The fight against the enviornment

Shorty after Ronald Reagan began his first term in office, many conservatives looked to challenge something that had an increase in popularity over the last decade and a half, environmentalism. With a red wave occurring in the 1980 election, many republicans wanted to challenge the new wave of environmentalism arguing it was bad for the economy and how many environmentalists did not support western ideas and were more drawn to the ideas of socialism. The debate over public lands and protecting the wilderness had been an issue in the United States government since the 1960s and had shifted from protecting public lands to cleaning the water and air as well as improving the dumping of toxic waste. Many groups that were mostly conservative would raise issues on these environmental changes as it would negatively affect their lives and jobs. Two of the most famous movements were known as the Sagebrush Rebellion and the Wise Use movement according to James Morton Turners, “The Specter of Environmentalism.”

The Sagebrush Rebellion was a political movement that emerged in the western United States during the 1980s. The movement was composed of a diverse coalition of ranchers, farmers, and other rural landowners who felt that the federal government’s environmental policies were excessively restrictive and infringed upon their property rights. The rebellion was a response to the United States government implementing in land use management in the western half of the United States. Many of these landowners believed the the United States government had overstepped its boundaries and was using environmental policies to stifle economic development and prevent public use of these lands. The Sagebrush Rebellion took a variety of forms, including legal challenges to federal land-use policies, protests, and other forms of direct action. Some of the movement’s most vocal leaders advocated for the transfer of federal lands to state or local control, arguing that this would allow for more effective management and greater economic development. While the movement was not a success, it raised awareness in the United States about the dangers of implementing environmental policies.

Similarly to the Sagebrush Rebellion, the Wise Use movement was a conservative political movement that sought to roll back environmental regulations and promote the unrestricted use of natural resources for economic growth and human benefit. Turner argues that the wise use movement was motivated by a deep-seated fear of environmentalism and a belief that environmental regulations were threatening the economic and social well-being of rural communities. He notes that the movement sought to redefine the meaning of environmentalism, portraying it as a radical ideology that sought to undermine American values and traditions, an ideology that embraced Eastern socialism rather than Western capitalism. The wise use movement represented a backlash against the environmental movement of the 1970s, which had succeeded in pushing for the passage of numerous environmental regulations and raising public awareness of environmental issues. The movement sought to challenge this environmentalism by promoting a vision of the American West as a land of boundless opportunity and unlimited resources, it represented the American West as the last true frontier, untapped by regulations and restrictions from the government.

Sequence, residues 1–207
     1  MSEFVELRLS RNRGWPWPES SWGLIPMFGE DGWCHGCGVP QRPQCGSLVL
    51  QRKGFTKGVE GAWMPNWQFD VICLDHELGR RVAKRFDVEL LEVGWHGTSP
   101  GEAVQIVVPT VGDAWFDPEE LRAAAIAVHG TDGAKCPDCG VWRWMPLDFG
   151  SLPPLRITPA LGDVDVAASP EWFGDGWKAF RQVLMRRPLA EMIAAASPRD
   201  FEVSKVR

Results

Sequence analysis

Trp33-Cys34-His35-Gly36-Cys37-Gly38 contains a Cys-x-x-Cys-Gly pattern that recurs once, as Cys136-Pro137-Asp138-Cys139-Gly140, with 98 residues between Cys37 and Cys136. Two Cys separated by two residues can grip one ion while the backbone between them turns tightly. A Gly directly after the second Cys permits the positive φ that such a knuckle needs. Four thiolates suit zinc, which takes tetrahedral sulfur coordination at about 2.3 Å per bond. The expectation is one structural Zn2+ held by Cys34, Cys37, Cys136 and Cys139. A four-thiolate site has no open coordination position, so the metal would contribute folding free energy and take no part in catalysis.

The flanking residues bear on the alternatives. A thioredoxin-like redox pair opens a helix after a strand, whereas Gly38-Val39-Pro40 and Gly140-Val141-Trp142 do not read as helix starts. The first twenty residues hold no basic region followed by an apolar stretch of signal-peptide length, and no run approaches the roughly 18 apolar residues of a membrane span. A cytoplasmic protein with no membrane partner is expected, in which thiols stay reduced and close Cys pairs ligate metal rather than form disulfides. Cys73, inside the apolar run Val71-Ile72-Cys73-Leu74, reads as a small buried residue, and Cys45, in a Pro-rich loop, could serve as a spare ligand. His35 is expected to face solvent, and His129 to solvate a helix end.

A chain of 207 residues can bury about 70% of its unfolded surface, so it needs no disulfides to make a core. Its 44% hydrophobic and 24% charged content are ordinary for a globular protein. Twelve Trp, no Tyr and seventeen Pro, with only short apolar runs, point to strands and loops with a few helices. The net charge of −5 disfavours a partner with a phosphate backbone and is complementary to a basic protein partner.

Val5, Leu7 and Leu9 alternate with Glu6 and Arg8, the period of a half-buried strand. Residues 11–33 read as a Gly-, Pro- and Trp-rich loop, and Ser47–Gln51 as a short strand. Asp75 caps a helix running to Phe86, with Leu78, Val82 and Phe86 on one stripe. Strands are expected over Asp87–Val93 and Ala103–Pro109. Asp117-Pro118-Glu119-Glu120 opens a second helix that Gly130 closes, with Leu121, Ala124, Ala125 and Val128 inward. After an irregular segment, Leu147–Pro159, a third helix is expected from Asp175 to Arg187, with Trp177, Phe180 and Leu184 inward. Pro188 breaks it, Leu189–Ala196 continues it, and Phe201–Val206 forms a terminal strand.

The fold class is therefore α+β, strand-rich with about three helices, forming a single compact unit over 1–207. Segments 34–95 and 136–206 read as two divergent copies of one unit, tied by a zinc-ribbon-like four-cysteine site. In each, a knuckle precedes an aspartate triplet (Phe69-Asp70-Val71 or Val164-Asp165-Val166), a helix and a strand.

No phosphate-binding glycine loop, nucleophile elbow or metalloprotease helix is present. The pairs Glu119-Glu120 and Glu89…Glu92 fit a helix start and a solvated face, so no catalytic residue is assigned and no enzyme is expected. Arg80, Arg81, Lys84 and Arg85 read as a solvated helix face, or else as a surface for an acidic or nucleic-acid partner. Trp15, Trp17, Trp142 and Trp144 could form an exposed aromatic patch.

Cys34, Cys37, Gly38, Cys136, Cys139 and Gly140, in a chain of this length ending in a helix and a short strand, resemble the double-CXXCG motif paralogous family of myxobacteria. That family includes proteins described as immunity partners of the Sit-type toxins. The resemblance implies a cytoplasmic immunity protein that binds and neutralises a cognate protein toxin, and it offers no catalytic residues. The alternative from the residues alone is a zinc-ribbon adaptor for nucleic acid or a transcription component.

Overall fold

According to Turner, environmentalism posed a threat to the values and interests of the New Right, which was a conservative political movement that emerged in the 1970s. The New Right saw environmentalism as a form of government overreach that threatened private property rights of citizens and the free market. They believed that environmental regulations and wilderness designations would limit economic growth and hurt industries like mining, logging, and ranching, which were important to the economies of many western states. To fight back against this environmentalism the new right would organize movements like the sagebrush rebellion to gain public support and new followers of the New Right. Ronald Reagan would be a particular supporter of these movements. When he was governor of California, he publicly supported the rebellion and he appointed the leader of these rebellions, James Watt, as his secretary of the interior. Overall the wilderness restrictions limiting mining, and logging on public lands led to an outcry by the working class of those regions, this in turn led them to join the New Right, who supported rebellions and was firmly against the environmental policies of the United States government.

One thought on “The fight against the enviornment

  1. Great Post! You made some valid points. I think it is crazy that the government thought that they were going to make the best decisions for each part of the United States, when there are people who work on these lands and know the most about the area who can make decisions to benefit the environment. It is a shame that the workers were treated in this way. However, I do believe that sometimes federal government can protect the environment, but there is more to that and they could be hurting people and their livelihood.


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